Out in the Boonies
Darcy and Lizzy went to work every day the next week, textin’ and talkin’ to each other on their phones, livin’ for the weekend. When the sun peeped over the hill on Saturday, that boy was at her house, knockin’ on the door. Lizzy was ready for him, and she answered the door before the noise could wake up her sister Jane Bea. He kissed her good mornin’ and took her hand to walk her to his car. When they were on their way, he started shootin’ questions at her.
Darcy: Have you been waitin’ long? I thought I might be late. I didn’t realize it would take so much time to get here.
Lizzy: I told you I live out in the boonies. This is the coun’ry, Sugar. No “t.”
Darcy: Is all this your daddy’s land?
Lizzy: Yep. That’s his house over there across the field. It’s almost two hundred years old, and I grew up there. Jane and I moved into this house after the renters moved out a few years ago. When we decided to live here instead of in the big house, my other three sisters each got their own bedroom, so nobody complained. Daddy likes it ‘cause he can still see what time we come and go, and who we come and go with. The rent’s cheap, too. He gives us a break since he wants us to live close to him.
Darcy: Your daddy owns the house, and you still pay rent?
Lizzy: Shoot yeah. We’re payin’ only about half what he could get from anybody else, and he’s payin’ the utilities. Jane and I both have good jobs, so we should pay him somthin’, and we’d pay a lot more to get any other place. Daddy and Mama can’t afford to let us live here for free. They still have three daughters at home. I know you’ve got more money that you can shake a stick at, but my family doesn’t. We all work. I’ve been workin’ a payin’ job since I was fourteen.
Darcy: I work, too, and I was just asking. Don’t bite my head off.
Lizzy: Sorry, Darlin’. I haven’t had my coffee yet. Sometimes I wake up grumpy. I’m not really an early mornin’ person, and I was runnin’ around as soon as I got up like a chicken with its head cut off, tryin’ to look good for you.
Darcy: Well, that just dills my pickle. And might I add, mission accomplished. You look so fetchin’, the sun came up just to see you. Like my grandpa always told my grandma, you’re prettier than a mess of fried catfish. We’ll stop for breakfast as soon as we see a good place.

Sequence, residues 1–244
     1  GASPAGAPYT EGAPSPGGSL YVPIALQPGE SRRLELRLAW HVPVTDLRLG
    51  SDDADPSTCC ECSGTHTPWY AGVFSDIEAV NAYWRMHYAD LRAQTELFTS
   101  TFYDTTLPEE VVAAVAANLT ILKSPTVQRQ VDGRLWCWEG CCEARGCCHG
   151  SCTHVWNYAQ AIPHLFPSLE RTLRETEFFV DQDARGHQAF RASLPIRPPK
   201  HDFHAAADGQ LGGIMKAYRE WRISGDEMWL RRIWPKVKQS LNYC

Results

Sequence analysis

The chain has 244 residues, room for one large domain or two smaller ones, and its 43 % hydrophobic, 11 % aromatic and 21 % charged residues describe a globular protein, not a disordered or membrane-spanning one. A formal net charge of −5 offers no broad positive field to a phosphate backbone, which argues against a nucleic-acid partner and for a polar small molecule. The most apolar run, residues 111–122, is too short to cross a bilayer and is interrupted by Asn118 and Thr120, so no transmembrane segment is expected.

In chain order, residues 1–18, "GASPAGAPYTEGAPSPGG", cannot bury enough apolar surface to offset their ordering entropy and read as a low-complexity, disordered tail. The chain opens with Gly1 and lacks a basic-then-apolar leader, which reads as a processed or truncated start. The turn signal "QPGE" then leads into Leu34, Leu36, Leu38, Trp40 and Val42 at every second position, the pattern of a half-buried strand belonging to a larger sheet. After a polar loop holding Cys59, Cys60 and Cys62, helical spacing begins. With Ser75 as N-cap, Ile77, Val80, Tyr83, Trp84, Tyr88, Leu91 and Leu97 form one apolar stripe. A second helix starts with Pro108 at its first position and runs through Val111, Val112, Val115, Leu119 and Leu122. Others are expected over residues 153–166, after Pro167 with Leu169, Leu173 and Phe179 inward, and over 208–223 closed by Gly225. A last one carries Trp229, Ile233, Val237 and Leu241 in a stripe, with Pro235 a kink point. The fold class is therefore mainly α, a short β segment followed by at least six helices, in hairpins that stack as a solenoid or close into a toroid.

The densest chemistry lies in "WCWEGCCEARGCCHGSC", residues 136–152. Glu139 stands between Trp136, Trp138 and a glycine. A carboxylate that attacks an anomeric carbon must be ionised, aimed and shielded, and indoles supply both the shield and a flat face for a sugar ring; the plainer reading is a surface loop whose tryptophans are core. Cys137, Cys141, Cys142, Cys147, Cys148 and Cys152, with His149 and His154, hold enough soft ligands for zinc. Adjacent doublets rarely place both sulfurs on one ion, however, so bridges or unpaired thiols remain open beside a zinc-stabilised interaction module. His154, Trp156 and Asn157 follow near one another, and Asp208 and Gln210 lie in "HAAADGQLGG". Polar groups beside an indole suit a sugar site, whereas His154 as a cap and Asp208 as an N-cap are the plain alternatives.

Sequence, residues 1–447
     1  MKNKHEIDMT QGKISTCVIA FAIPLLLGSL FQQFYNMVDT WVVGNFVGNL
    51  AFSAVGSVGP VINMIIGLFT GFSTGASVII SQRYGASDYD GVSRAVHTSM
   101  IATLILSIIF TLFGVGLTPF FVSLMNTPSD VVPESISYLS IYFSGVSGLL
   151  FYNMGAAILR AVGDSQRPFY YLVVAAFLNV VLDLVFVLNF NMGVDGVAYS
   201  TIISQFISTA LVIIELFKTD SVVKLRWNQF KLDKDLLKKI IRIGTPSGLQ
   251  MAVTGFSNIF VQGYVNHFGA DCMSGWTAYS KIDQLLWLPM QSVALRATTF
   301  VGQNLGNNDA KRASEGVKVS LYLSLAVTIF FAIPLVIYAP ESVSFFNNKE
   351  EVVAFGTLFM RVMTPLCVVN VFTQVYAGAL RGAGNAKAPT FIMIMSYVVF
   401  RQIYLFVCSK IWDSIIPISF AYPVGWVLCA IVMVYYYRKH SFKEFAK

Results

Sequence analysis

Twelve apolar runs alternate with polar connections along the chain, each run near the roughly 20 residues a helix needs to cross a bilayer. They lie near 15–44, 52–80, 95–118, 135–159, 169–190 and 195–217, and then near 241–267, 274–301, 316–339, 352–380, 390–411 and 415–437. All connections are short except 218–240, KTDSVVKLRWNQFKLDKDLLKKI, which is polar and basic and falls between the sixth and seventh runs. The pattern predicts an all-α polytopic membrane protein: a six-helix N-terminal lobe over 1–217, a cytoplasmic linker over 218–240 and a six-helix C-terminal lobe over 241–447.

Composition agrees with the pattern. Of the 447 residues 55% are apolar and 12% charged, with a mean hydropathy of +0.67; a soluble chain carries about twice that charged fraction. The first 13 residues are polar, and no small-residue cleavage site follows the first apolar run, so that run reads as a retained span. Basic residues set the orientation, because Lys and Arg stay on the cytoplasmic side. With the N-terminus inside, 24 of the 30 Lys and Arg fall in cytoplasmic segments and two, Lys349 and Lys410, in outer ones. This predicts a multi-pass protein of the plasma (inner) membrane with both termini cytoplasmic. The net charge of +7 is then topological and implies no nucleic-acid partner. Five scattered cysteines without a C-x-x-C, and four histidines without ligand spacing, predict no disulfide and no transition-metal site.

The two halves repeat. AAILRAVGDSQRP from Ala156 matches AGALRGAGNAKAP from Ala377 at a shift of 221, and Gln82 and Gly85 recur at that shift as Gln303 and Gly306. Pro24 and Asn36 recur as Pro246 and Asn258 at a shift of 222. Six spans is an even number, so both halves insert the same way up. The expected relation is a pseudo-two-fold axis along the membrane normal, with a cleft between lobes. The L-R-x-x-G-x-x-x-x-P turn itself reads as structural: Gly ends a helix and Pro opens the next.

Lizzy: We folks from out in the boonies don’t eat tofu and bean curd for breakfast, so our ideas of a good place to eat may not line up. I want eggs, grits, and home fries with toast.
Darcy: What? No bacon? You’re missing an opportunity to eat more fat if you leave off the bacon.
Lizzy: Don’t poke the grumpy bear. Remember, you’re in the Deep South where sushi is still called bait.
Darcy: You goin’ to pitch a hissy fit?
Lizzy: I never pitch hissy fits, duck fits, or dyin’ duck fits in enclosed spaces. This tank is big, but I don’t want to chance it. No fits of any sort in a moving vehicle. That’s the rule. Why’re we driving’ so slow? We’re racin’ along like a herd of turtles, and I’m starvin’ over here.
Darcy: I’m already drivin’ two miles an hour over the speed limit.
Lizzy: I bet you always colored inside the lines, too. You fly planes, for heaven’s sake. Don’t you like to go fast? You drive like my memaw.
Darcy: I fly planes like I drive cars – safely.
Lizzy: Let me drive, then.
Darcy: Do I have “idiot” tattooed on my forehead?
Lizzy: I don’t know. Let me look.
Darcy: (smiling) You’ll have to come over here. When I’m drivin’, I keep my eyes on the road.
Lizzy: Give me some duck tape so I can make sure your hands don’t leave the steerin’ wheel, and I’ll lean over there and look. I like safety, too.
Darcy: (laughing) Duct tape? I don’t carry duct tape around in my car.
Lizzy: (shocked) You don’t have any duck tape? Didn’t you know that duck tape is like the Force down here? It has a light side and a dark side, and it holds everything together. After we eat, we need to stop at a hardware store or a seed and feed.